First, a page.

Richard Branson, Charles Handy and Tony Blair top the list of public figures that Britain's leaders would most like as a personal development coach.
As coaching grows in popularity and credibility, both inside and outside the workplace, eighty per cent of executives say they think they would benefit from coaching at work and dismiss the suggestion that it is just another fad.
Virtually all managers (96 per cent) think coaching should be available to every employee, regardless of seniority, according to new research, Coaching at Work, launched on May 16 by the Chartered Management Institute and Campaign for Learning, to coincide with National Learning at Work Day.
The value of learning and development, as a source of competitive advantage in business, has been increasingly acknowledged in recent years. This study builds on previous research by the Institute showing that informal ways of learning are becoming increasingly popular. In its study, Achieving Management Excellence (2000), the Institute found that the number of managers receiving coaching had increased from 58 per cent in 1996 to 77 per cent by 2000.
So what are the benefits of coaching? The current research shows that 85 per cent of managers identify the main value as enhancing team morale and 80 per cent say it is good at generating responsibility on the part of the learner. Managers say coaching can be used to support an individual through restructuring and change in the organisation, or as part of a programme to motivate and retain staff.
But for coaching to work, adequate planning is essential. Executives also say training for coaches is essential, acknowledging that not everyone is cut out to be a good coach. While most executives are happy with the quality of coaching in their company, a quarter, however, are concerned that insufficient time is set aside for it.
The majority (59 per cent) of managers cite personal coaching, involving face-to-face meetings, as the main type of mentoring used in their organisation, while newer methods such as e-coaching over the Internet, are still in their infancy with only eight per cent of managers saying this takes place in their organisation. But only 18 per cent of executives say their organisation has a formal coaching programme. Coaching is far more likely to take place on an ad-hoc basis, they admit, with nearly half (44 per cent) saying this is the case in their organisation.
Thinking about the expertise executives would most like to develop further, those that come out tops are IT skills, personal effectiveness and emotional intelligence. This reflects the growing dependence on technology and an awareness of the continued importance of strong interpersonal skills.
But coaching is not confined to the workplace. Executives clearly use their skills to develop and support others outside the workplace, with 28 per cent saying they have acted as a coach in a sports club, nearly a quarter (24 per cent) saying as part of voluntary or charity work and 17 per cent within the context of a youth group such as Girl Guides or Scouts.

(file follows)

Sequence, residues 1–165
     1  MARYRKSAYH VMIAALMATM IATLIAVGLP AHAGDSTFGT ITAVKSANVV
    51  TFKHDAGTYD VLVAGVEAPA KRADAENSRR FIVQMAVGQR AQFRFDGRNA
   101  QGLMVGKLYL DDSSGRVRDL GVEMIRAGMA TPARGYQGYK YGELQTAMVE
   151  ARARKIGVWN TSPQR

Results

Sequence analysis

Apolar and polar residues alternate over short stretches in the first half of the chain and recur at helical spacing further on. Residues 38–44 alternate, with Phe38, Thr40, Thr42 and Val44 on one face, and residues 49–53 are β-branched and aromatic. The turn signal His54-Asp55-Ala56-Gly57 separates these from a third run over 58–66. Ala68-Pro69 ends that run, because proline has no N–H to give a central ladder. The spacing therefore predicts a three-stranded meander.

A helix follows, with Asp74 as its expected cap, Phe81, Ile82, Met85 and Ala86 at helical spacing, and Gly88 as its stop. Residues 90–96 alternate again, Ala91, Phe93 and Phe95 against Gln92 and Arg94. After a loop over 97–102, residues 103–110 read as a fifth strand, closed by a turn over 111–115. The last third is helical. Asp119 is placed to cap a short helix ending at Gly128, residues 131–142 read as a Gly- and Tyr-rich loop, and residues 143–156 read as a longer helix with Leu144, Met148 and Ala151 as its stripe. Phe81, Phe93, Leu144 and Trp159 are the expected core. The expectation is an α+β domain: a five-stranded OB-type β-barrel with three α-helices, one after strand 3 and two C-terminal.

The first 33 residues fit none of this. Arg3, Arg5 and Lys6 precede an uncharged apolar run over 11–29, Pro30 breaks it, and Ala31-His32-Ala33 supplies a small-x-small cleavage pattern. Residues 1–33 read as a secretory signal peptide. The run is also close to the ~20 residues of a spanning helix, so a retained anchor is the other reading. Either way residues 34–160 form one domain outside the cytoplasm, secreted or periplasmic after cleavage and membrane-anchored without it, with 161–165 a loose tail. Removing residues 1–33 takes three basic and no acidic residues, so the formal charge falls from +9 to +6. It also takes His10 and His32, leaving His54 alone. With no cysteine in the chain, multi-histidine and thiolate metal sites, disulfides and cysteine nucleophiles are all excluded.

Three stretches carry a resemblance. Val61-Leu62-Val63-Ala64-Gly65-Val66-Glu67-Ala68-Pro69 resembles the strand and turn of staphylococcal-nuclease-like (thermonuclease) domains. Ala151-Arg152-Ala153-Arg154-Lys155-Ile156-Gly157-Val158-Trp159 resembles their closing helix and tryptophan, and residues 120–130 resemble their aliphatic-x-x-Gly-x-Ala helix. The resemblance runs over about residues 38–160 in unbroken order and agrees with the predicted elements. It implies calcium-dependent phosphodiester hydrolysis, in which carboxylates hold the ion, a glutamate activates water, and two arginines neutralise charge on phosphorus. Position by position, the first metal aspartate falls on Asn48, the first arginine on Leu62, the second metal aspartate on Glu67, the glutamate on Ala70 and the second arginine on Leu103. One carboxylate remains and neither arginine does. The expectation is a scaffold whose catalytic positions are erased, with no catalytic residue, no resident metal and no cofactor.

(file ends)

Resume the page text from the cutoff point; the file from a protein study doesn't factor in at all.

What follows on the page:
Christine Hayhurst, Director of Public Affairs, Chartered Management Institute, commented: "The increasing number of managers who have experienced coaching are clear about its value as an important element of workplace training and development. The challenge, now, is for managers to work with their people in developing a 'coaching culture' in organisations that extends this type of beneficial learning to employees at all levels."
|Research was undertaken among 3,000 managers, of which 280 replied, a nine per cent response rate. Eighteen per cent were directors, 33 per cent senior managers, 30 per cent middle managers and 16 per cent junior managers|
As the champion of management, the Chartered Management Institute (the Institute) shapes and supports the managers of tomorrow, helping them deliver results in a dynamic world. The Institute helps set and raise standards in management, encouraging development to improve performance. Moreover, with in-depth research and regular policy surveys of its 91,000 individual members and 520 corporate members, the Institute has a deep understanding of the key issues.
The Chartered Management Institute came into being on 1 April 2002, as a result of the Institute of Management being granted a Royal Charter.
Founded in 1997, the Campaign for Learning is an independent charity working to create an appetite in individuals that will sustain them for life. The Campaign for Learning has co-ordinated Learning at Work Day for the past four years as part of Adult Learners Week. The aim of the day is to make learning a part of everyday working life and highlight the benefits of providing learning opportunities to all staff.